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How to Land Your First Creative Job

Entering the job market can be challenging, especially in today’s web-focused world. As remote work continues its upward trend and companies search for innovations to stand out against the competition, unique and skilled creatives are in ever greater demand.

The good news is that you don’t have to have decades of experience to land your first creative job. Whether you’re freelance or permanent staff, a unique perspective, strong skill set, and a willingness to learn will take you far. Personality and fitting into the culture also matter more than most people think.

Read on to find out everything you need to know about creative jobs and how to get them.

First Steps Toward a Creative Career

People start their creative careers from a wide variety of places. Before entering the job market, some are graduating from colleges or portfolio schools. Others have no formal education at all. Others are well-established in completely unrelated careers and want to make a fresh start.

Regardless of where you begin, you should make sure you have a few basic creative skills to make your application more appealing. Naturally, the specific skills will vary with the job you want, but there are some things that all creatives can benefit from knowing.

Firstly, do some research to see what kind of creative jobs are out there and dive deeper to find out about the job you want. Even more importantly, find out how it fits in with other creative jobs and the larger business process. Imagination is a key skill for creatives, but finding out how to apply that to the business world is what appeals to hiring managers.

Decision-making is another great thing to understand. Not only should you know how to take decisive action based on research and information, but you also ought to understand how others handle decisions and the impact they can have.

Lastly, communication is invaluable. Creatives have to explain their ideas and projects to stakeholders, people who have a vested interest in the work and are generally not in creative roles themselves. You may also be on a creative team rather than working solo, so communicating effectively is important. Remember that remote communication is becoming more and more important in virtually every industry.

What You Need To Know About Creative Work

You’ve likely already heard loads about users and how to center them in products and services. One of the most important things to know about creative work is that lots of it doesn’t necessarily feel creative.

As UX research becomes more important, creatives are having to learn how to deal with more data than they did in the past. If you aren’t familiar with the basic tenets of marketing, you should take the time to familiarize yourself with them. Even if you don’t want to be a UX/UI designer yourself, understanding how they handle user input can help you produce better work.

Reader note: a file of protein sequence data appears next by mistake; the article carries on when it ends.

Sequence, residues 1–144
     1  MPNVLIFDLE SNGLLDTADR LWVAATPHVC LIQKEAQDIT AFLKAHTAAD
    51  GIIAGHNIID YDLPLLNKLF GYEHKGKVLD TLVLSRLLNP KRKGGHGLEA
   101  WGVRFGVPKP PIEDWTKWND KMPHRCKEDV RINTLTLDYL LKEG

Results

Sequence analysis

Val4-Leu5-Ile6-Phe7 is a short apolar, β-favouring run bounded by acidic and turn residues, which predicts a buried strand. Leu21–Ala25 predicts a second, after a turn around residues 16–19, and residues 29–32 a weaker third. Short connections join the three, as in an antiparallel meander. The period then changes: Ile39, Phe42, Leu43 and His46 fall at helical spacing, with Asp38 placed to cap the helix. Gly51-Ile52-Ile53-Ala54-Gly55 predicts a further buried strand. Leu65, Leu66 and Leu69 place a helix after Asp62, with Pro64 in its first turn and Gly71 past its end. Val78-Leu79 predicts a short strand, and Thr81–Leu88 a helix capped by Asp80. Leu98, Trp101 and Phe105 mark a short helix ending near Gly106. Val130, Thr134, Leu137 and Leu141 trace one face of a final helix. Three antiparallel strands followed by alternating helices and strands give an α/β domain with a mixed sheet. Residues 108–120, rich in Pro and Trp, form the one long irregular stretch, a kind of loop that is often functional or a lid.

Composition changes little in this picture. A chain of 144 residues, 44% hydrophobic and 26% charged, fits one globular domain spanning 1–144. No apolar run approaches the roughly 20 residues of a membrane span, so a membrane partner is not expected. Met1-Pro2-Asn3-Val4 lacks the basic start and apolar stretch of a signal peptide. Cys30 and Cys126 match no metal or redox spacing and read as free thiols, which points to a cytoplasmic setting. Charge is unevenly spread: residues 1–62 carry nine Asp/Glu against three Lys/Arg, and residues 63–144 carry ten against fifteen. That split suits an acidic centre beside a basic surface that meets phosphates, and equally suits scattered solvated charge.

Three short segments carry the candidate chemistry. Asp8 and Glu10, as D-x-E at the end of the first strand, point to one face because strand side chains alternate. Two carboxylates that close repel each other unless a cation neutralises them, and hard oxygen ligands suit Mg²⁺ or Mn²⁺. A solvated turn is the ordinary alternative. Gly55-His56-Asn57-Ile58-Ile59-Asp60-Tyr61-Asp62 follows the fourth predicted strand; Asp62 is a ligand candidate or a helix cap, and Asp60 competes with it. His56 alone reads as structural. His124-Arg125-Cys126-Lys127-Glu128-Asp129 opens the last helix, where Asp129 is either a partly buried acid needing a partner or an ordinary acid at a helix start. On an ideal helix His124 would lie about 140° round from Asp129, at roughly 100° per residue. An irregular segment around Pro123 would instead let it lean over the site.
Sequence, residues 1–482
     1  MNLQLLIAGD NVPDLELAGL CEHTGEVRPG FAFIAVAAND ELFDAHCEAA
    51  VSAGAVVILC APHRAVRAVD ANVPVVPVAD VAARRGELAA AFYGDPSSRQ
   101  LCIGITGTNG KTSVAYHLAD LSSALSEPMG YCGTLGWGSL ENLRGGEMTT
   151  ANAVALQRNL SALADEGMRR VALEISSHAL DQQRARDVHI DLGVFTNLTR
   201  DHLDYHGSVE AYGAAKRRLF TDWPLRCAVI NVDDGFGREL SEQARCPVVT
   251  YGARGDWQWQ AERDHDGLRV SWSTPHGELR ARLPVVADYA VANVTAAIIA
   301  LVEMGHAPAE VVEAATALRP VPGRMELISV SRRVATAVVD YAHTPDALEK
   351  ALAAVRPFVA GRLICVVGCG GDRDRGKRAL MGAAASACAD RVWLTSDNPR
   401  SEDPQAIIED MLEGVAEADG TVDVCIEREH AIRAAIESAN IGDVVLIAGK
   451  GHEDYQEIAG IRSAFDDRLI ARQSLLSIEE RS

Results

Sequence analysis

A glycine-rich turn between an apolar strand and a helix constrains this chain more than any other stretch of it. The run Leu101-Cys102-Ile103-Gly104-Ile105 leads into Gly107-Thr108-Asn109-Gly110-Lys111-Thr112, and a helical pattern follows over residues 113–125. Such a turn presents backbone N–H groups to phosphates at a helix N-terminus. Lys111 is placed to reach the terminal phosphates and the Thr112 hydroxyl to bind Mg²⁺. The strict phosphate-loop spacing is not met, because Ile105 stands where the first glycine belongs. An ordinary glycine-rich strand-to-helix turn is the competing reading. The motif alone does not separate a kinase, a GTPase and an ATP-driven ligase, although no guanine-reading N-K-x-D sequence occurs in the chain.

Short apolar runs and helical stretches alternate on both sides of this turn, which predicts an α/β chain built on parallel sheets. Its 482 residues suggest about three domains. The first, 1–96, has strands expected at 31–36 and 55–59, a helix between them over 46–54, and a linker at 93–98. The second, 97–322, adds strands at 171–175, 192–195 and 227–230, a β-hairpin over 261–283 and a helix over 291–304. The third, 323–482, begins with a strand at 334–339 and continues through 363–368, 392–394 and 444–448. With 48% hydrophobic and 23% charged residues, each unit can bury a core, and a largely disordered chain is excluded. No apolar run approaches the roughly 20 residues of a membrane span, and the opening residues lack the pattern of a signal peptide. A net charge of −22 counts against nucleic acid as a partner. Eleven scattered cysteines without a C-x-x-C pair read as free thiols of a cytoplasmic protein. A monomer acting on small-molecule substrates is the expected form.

Emails, meetings, and datasets might not scratch that creative itch, but you can approach them in creative ways or streamline them so that you can spend more time on the part of the job that appeals to you. For example, you can reduce reliance on emails by having regularly scheduled meetings or live documents that others can cowork and leave comments on.

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Let your personality shine through to make a greater impression.

Common Entry-Level Jobs for Creatives

Sometimes you can jump right into the job you want and improve your skills until you become the team leader or even an upper-level marketing manager. Other times, you have to start a bit lower on the ladder and get promoted to your ideal job. Here are a few of the most common places creatives get their start.

  • Assistant Positions

Whatever your particular area of interest, there may be a junior or assistant version of that role that you can step into and get some on-the-job training before you become the full-fledged version.

Inquire about this kind of position or look for it on job boards. On rare occasions, companies might be interested in creating a role like this to allow you to become acquainted with their way of doing things or build up your skills.

  • Proofreaders

For people who want to be copywriters or content writers, being a proofreader could be the first stepping stone. It demonstrates that you have a good handle on grammar and can recognize mistakes. Plus, you’ll be familiar with how professional writing looks and feels before you get into the work yourself.

  • Entry-level Designer

Smaller businesses who are just learning how to apply design thinking to their companies build roles for basic creative work and usually look for people with skills but not tons of experience to test things out. The role may not be fleshed out completely, which could be confusing. But it also allows you to build the role yourself.